KITSAT-1

Summary

KITSAT-1
Kitsat-1 Satellite Artist's Concept.png
Artist rendering of KITSAT-1 satellite
NamesKITSAT-A
Korea Institute of
Technology Satellite-1
Uribyol-1
KITSAT-OSCAR-23
KO-23
Our Star
Mission typeTechnology demonstration
OperatorSaTReC
COSPAR ID1992-052B
SATCAT no.22077
WebsiteKAIST SaTReC
Mission duration5 years (planned)
Spacecraft properties
SpacecraftKITSAT-1
BusSSTL-70
ManufacturerSurrey Satellite Technology (SSTL)
Launch mass48.6 kg (107 lb)
Dimensions35.2 cm × 35.6 cm × 67 cm (13.9 in × 14.0 in × 26.4 in)
Power30 watts
Start of mission
Launch date10 August 1992, 23:08:07 UTC
RocketAriane 42P H-10
Launch siteCentre Spatial Guyanais, ELA-2
ContractorArianespace
Orbital parameters
Reference systemGeocentric orbit[1]
RegimeLow Earth orbit
Perigee altitude1,316 km (818 mi)
Apogee altitude1,328 km (825 mi)
Inclination66.00°
Period112.0 minutes
Instruments
Digital Store and Forward Communication Experiment (DSFCE)
CCD Earth Imaging System (CEIS)
Digital Signal Processing Experiment (DSPE)
Cosmic Ray Experiment (CRE)
 

KITSAT-1 or KITSAT-A (Korean Institute of Technology Satellite) [2] is the first satellite to be launched for the South Korea. Once launched, the satellite was given the nickname "Our Star" (우리별). The KITSAT-1 is a low Earth orbit (LEO) satellite with a modular structure. Of the 12 satellites launched by South Korea, KITSAT-1 has the highest altitude.[3] While the KITSAT-1 maintains equilibrium by gravity gradient forces, magnetic torque can be used to control attitude if needed.[4] The forecasted lifespan of the KITSAT-1 was only five years, but communication with the satellite was maintained for 12 years.[3] Since the launch of the KITSAT-1, South Korea has launched an additional 36 satellites.[2]

Size

The KITSAT-1 is considered to be a small-sized or microsatellite.[5] The KITSAT-1 is the smallest sized low Earth orbit satellite that has been launched by South Korea.[3]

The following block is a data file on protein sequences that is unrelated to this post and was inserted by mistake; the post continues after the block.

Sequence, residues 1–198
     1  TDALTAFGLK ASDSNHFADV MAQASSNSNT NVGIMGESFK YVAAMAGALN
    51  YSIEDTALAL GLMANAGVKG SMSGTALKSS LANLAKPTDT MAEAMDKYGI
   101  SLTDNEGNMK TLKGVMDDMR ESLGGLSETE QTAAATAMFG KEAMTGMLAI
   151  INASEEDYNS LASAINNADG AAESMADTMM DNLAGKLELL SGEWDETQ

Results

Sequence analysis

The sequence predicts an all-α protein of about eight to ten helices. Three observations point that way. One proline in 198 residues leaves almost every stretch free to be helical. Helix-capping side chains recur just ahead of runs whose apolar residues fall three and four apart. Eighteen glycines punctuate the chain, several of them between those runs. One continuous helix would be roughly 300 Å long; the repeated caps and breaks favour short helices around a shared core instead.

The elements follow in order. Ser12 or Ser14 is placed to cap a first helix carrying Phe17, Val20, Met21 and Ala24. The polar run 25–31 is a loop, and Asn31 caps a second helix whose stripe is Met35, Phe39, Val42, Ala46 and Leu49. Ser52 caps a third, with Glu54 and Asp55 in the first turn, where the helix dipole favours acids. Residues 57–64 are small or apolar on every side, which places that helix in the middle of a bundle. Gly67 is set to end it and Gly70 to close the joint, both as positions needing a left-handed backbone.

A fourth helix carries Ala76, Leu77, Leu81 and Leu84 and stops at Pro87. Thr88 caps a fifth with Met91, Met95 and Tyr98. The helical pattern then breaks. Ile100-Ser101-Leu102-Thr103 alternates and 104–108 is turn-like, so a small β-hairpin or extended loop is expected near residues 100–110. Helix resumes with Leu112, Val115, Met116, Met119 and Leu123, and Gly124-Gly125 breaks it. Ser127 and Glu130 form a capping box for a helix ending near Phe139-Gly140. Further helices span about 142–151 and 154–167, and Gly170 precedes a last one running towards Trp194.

On-Board Computer System

The KITSAT-1's On-board computer (OBC) system uses an OBC186 for the main OBC and an OBC80 as the backup On-board computer system.[6]

Instruments

It carried a Digital Store and Forward Communication Experiment (DSFCE), a CCD Earth Imaging System (CEIS), a Digital Signal Processing Experiment (DSPE), a Cosmic Ray Experiment (CRE).[7]

CCD Earth Imaging System

The CCD Earth Imaging System is equipped with two different cameras. These cameras are: a wide-angle camera with 4 km/pixel and a high-resolution camera with 400 m/pixel.[8] The two CCD cameras that are equipped on the KITSAT-1 are located on the bottom of the satellite so that the cameras should always be pointed toward Earth[9]

Cosmic Ray Experiment

The CRE's main purpose aboard the KITSAT-1 was to monitor and study the space radiation at 1,320 km (820 mi) orbit of the Earth. These space radiation measurements were to be taken in short-term and long-term time frames. The CRE is equipped to measure the high energy protons, the Galactic Cosmic Rays from deep space, and also the Solar Cosmic Rays from solar flares.[10]

The CRE payload consists of two subsystems. The two subsystems are the Cosmic Particle Experiment (CPE) and the Total Dose Experiment (TDE). The CPE is used to measure the Linear Energy Transfer (LET) spectrum over short-term time frames and the TDE is used to measure the total accumulated ionizing radiation dose over long-term time frames.[11]

Launch

Launched in 1992, KITSAT-1, which stands for the Korea Institute of Technology Satellite-1, is the first satellite developed by SaTReC. Developed through a collaborative program between SaTReC and the University of Surrey, United Kingdom, the main objective of the KITSAT-1 program was to acquire satellite technology through the training and education of satellite engineers.[12]